Oak Ridge National Laboratory Unveils SOM-Designed 3D-Printed Building Powered by a Car

The mobile power source combined with the structure’s highly energy-efficient design and rooftop renewable energy photovoltaics showcase possibilities for future off-the-grid human shelter.

Oak Ridge, Tennessee, September 23

The U.S. Department of Energy's Oak Ridge National Laboratory today unveiled a 3D-printed building designed by the architecture, engineering and urban planning firm Skidmore, Owings & Merrill LLP (SOM) in collaboration with ORNL researchers. The Additive Manufacturing Integrated Energy (AMIE) demonstration features a building that is powered by a 3D-printed vehicle developed by ORNL.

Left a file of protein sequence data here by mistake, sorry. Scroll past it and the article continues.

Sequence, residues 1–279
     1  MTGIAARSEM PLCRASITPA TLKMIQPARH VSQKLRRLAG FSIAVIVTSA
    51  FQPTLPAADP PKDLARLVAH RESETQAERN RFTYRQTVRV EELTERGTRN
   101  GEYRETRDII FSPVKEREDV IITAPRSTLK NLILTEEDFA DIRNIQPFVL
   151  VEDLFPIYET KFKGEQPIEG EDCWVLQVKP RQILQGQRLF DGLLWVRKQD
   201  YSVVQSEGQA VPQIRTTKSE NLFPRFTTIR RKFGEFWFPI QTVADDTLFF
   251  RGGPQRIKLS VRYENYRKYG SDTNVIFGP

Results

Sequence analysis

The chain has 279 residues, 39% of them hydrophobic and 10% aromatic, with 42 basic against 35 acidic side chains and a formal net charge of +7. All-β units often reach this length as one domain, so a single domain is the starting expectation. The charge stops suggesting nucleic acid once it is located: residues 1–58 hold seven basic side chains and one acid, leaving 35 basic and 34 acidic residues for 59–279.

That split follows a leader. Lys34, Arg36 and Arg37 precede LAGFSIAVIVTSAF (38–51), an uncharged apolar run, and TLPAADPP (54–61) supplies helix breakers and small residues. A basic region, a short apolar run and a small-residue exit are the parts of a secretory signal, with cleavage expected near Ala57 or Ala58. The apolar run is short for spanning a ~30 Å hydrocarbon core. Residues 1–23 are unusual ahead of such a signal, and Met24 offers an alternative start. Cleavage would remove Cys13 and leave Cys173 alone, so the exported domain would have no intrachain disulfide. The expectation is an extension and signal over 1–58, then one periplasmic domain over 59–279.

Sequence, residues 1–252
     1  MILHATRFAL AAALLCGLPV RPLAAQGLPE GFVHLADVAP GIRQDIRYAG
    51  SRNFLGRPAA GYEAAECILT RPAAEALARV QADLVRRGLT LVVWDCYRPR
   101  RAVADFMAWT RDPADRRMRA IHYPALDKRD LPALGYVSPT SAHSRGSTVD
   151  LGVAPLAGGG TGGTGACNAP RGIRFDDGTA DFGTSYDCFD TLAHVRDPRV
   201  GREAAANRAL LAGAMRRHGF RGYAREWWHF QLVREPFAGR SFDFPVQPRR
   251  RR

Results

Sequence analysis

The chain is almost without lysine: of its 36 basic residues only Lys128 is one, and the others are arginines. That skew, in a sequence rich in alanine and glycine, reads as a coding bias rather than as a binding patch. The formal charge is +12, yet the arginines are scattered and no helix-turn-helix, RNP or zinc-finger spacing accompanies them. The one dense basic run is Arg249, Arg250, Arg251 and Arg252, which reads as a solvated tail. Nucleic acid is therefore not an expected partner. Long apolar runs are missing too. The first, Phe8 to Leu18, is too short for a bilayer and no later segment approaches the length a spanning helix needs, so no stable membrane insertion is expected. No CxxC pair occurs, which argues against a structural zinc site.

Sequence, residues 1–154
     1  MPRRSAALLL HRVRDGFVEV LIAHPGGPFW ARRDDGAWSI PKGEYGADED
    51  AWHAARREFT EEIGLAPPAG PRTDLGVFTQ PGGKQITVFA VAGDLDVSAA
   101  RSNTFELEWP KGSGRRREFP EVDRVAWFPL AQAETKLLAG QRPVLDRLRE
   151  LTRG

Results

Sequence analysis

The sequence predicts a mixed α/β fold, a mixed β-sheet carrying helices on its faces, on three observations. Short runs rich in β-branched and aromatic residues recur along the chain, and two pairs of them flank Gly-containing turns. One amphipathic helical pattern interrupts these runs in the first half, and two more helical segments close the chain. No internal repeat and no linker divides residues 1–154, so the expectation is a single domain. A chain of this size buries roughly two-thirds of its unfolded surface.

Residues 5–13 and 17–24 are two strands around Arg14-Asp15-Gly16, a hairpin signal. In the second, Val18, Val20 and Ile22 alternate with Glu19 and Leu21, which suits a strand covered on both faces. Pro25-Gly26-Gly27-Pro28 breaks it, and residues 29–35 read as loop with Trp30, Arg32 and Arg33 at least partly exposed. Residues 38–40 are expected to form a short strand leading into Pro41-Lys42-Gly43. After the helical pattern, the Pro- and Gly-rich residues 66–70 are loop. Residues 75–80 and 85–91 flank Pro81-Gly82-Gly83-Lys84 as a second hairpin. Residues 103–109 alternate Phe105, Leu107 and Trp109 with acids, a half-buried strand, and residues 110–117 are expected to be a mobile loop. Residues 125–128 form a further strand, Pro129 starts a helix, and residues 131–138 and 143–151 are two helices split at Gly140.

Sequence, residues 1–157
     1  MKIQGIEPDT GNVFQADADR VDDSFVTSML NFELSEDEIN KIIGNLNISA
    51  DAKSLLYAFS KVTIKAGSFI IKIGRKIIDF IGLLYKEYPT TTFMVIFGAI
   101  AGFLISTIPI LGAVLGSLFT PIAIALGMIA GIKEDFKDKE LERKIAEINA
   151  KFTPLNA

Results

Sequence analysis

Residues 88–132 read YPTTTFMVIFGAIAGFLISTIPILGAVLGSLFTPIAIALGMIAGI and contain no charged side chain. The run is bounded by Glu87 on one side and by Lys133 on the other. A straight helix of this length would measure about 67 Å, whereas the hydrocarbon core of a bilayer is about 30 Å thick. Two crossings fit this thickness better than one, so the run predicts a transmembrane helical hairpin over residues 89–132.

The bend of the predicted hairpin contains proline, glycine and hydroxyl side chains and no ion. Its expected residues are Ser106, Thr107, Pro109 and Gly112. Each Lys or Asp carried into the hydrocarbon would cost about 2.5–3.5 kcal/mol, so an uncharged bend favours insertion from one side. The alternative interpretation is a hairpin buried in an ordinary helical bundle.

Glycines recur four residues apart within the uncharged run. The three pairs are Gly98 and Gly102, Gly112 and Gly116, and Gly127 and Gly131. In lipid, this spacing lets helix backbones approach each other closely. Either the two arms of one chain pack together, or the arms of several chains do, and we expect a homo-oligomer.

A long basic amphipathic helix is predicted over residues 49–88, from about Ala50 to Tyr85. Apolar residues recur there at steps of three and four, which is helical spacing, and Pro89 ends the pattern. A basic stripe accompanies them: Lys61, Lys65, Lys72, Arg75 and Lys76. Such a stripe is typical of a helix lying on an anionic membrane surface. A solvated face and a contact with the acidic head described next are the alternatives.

The mobile power source combined with the structure's highly energy-efficient design and rooftop renewable energy photovoltaics showcase possibilities for future off-the-grid human shelter. The demonstration that was rolled out at DOE's inaugural Industry Day event is the result of a targeted collaboration between government and industry. Innovative rapid prototyping took the project from concept to completion in less than one year, involving the University of Tennessee (UT), Clayton Homes, General Electric, Alcoa, NanoPore and Tru-Design in addition to SOM.

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